Chris Hardman, 67, is a teacher who ran for school board in 2006, 2008 and 2016. His priorities include improving pay for all teachers and examining high school start times. He has raised very little money other than the $2,000 he contributed to his own campaign.
For Pinellas School Board District 4, the Tampa Bay Times recommends Eileen Long.
Distinct 7 (south county) — Karl Nurse
This was a difficult choice in a field that includes several strong or experienced candidates to replace Rene Flowers, who decided to run for Pinellas County Commission. Karl Nurse, 65, has the business experience and outsider’s perspective that the School Board needs. He is best known for the 10 years he spent on the St. Petersburg City Council, where he was a reasonable and smart voice, much needed as the city clawed its way out of the Great Recession. He developed a reputation for turning ideas into action.
Nurse owns a successful printing business with nearly 50 employees and has been actively involved in the community for decades, including with the Council of Neighborhood Associations, the city Planning Commission and the Living Green Expo. He’s a current board member of the local Habitat for Humanity branch and is a strong advocate for more affordable housing options.
Like Hine, Nurse lacks teaching experience, but his business acumen and political experience will be valuable as the School Board navigates through difficult financial times. He would push for programs that help struggling kids catch up by the third grade. He also wants schools to better prepare kids who aren’t headed to college by incorporating more apprenticeships and real-world internships. He says he’s humble enough to know that he won’t understand everything about what it’s like to be a teacher. “I bring other needed skills to the table,” he said.
Caprice Edmond, 32, is an impressive first-time candidate, a science coach at Fairmount Park Elementary who won the union backing of the Pinellas Classroom Teachers Association. She has worked as guardian ad litem and speaks passionately about bettering children’s lives inside and outside the classroom. Should would like the School Board to devote more resources to support mental health and wrap-around services that help students stay in school and on track.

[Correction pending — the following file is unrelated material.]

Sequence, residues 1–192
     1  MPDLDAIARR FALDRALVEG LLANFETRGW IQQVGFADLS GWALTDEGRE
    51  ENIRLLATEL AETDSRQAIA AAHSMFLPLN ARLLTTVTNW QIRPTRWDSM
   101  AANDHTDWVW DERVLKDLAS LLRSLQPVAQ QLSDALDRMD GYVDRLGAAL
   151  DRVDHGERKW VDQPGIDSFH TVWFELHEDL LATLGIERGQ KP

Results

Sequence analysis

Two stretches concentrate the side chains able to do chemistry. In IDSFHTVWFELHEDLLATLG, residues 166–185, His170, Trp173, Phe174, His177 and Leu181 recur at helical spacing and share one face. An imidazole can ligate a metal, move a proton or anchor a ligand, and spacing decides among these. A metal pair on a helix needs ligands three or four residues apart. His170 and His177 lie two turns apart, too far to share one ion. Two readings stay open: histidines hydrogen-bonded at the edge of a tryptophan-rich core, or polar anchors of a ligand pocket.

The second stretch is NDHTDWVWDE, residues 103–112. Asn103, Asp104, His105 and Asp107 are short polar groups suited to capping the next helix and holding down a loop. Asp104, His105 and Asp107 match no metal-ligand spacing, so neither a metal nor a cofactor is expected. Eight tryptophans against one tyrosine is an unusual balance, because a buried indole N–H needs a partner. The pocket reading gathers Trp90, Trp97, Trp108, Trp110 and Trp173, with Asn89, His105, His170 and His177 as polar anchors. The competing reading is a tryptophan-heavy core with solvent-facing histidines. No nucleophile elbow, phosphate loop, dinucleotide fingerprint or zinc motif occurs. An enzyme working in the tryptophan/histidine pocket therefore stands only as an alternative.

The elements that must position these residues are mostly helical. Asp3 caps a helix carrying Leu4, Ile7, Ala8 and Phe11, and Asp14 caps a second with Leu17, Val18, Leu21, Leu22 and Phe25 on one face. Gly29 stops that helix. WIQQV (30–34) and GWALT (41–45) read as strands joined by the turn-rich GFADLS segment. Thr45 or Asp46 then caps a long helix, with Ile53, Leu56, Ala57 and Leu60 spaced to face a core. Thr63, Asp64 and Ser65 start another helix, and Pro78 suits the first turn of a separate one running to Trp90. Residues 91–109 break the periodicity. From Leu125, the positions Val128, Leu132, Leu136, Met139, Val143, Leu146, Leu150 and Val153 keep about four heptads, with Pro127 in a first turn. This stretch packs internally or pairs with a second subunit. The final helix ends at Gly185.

Sharon Jackson, 68, is a retired principal who also worked as a special education teacher and counselor. She would bring decades of educational experience and a firm grasp of the major issues facing Pinellas County schools.
Corey Givens Jr., 28, works for the Pinellas County Job Corps. He has an abundance of energy and would like the school system to provide more opportunities for kids to intern and perform community service. He also thinks the School Board could use a member who is young enough to really remember what it’s like to be a student. He ran unsuccessfully for School Board in 2012 and for City Council in 2017.
Electing Nurse would leave the School Board without any Black representation (Flowers was the only African American on the board). That would be unfortunate given that Black voters make up about 20 percent of eligible voters in District 7, and that Black students make up about 19 percent of the county’s student body. But Nurse has represented this district well in the past and would be the most effective going forward. The Tampa Bay Times recommends Karl Nurse for Pinellas County School Board in District 7.
Recommendations are made by the Editorial Board of the Tampa Bay Times. The members of the Editorial Board are Times Chairman and CEO Paul Tash, Editor of Editorials Graham Brink, and editorial writers Elizabeth Djinis, John Hill and Jim Verhulst. Follow @TBTimes_Opinion on Twitter for more opinion news